Be clear about expectations.

A clear understanding of your role is one of the most consistent predictors of engagement and job satisfaction. If you don’t know what you’re meant to be doing, you can’t know whether you’re on the right path — and that uncertainty can take a mental toll.

Without adequate guidance, new hires are left to navigate a confusing maze of uncertainties, which uses up mental capacity in nonproductive or inefficient ways. Common shortfalls include a lack of clarity about job responsibilities, task prioritization, reporting structures, deadlines or timeframes, and performance metrics. These inefficiencies in communication can, for the new hire, generate anxiety, stress, and reduce confidence, especially if people are afraid of asking for help or making mistakes.

To ensure role clarity and to set new hires up to make meaningful contributions, consider the following strategies:

Eliminate “insider terminology” to avoid creating “outsider” anxiety.

A third, and critical, component of a good onboarding experience involves making sure new hires feel welcome and a sense of belonging. There is a real danger that new employees won’t be able to learn about their job and your organization if they are distracted by worrying about fitting in, finding like-minded people to connect with, or questioning their place in the grand scheme of things.

One of the surest ways to torpedo a new hire’s sense of belonging is the use of insider-jargon or acronyms without explanation. Assuming universal understanding of business terms like “LOE” (level of effort), or “RCA” (root cause analysis), organization-specific names like TPS report (which can mean many different things), or the staff’s routine attendance at the “AERA conference” (these are real examples) is misguided. New hires are not necessarily in the know about these terms, and their lack of knowledge slows down understanding and can create feelings of exclusion, apprehension, and inadequacy.

This “insider” information also extends to people within the organization. Consider the experience of a new colleague, Edmund, who struggled with uncertainty when co-workers referred to other people at the company by their first names. Each time it happened, Edmund would worry if he should know this seemingly important “Sarah” or “Juan” (without explicit introductions), and what did it say about him if he had to ask?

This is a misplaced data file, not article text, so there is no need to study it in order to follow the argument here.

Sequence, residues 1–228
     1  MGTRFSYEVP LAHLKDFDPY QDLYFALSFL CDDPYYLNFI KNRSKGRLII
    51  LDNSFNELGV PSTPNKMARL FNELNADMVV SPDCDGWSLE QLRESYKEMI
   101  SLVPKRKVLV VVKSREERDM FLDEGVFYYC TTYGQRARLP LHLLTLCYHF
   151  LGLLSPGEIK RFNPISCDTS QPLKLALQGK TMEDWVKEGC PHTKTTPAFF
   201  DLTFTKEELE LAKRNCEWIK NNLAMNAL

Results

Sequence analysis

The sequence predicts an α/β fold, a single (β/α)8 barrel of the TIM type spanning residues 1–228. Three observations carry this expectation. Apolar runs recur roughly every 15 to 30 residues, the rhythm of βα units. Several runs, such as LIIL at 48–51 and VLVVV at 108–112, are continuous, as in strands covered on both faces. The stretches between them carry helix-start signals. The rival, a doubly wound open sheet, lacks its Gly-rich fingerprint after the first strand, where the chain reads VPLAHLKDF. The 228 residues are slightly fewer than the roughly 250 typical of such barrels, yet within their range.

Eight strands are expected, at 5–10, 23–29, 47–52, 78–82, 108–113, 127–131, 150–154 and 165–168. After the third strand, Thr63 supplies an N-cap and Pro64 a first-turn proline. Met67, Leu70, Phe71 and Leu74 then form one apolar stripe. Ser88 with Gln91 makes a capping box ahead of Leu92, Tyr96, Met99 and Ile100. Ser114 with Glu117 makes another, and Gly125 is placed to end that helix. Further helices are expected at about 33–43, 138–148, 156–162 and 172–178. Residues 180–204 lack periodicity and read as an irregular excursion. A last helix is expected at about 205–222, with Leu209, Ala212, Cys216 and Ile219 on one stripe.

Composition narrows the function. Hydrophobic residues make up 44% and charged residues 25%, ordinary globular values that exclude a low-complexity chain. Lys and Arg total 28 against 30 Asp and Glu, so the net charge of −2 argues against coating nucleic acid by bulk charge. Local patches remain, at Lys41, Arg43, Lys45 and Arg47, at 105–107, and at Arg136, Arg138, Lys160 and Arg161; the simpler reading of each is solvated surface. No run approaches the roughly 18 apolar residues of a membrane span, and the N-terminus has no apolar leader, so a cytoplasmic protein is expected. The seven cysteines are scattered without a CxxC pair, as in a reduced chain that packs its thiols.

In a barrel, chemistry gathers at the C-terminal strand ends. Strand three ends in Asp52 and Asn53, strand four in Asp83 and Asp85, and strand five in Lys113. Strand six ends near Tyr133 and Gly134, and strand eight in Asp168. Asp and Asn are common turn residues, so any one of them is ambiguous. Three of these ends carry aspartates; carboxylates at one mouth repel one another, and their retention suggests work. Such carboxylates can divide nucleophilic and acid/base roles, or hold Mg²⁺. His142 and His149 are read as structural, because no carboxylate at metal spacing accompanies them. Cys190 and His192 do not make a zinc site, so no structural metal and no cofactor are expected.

To make sure everyone is in the loop, err on the side of over-explaining terms, acronyms, and relationships to new employees. Include full names and titles when you introduce people within the organization. Provide new hires with a comprehensive glossary of industry or organization- specific terms, along with a detailed company directory. This resource can help support new employees in their transition and ensure a more inclusive and informed onboarding process.

. . .

A great onboarding experience not only increases employee learning and preparedness to excel in their new role, it also leads to greater engagement, loyalty, and retention. But while the value of effective onboarding is indisputable, the reality is that many organizations (even those studiously trying to avoid under-training their employees) fall short, going too far in the opposite direction and flooding new hires with too much information. By implementing strategies that mitigate cognitive overload, organizations can ensure employees have space, time, and mental resources available to learn and thrive in their new job.

Human resource management, Developing employees, Employee engagement, Onboarding, Hiring and recruitment, Talent management, Employee retention, Digital Article

Julia Phelan
Julia Phelan, Ph.D. is a learning design consultant and expert in applying learning science principles to create effective learning experiences. She works with organizations to help build a strong workplace learning culture by improving training design, implementation, and outcomes. She is the co-founder of To Eleven, and a former UCLA education research scientist. Connect with her on LinkedIn.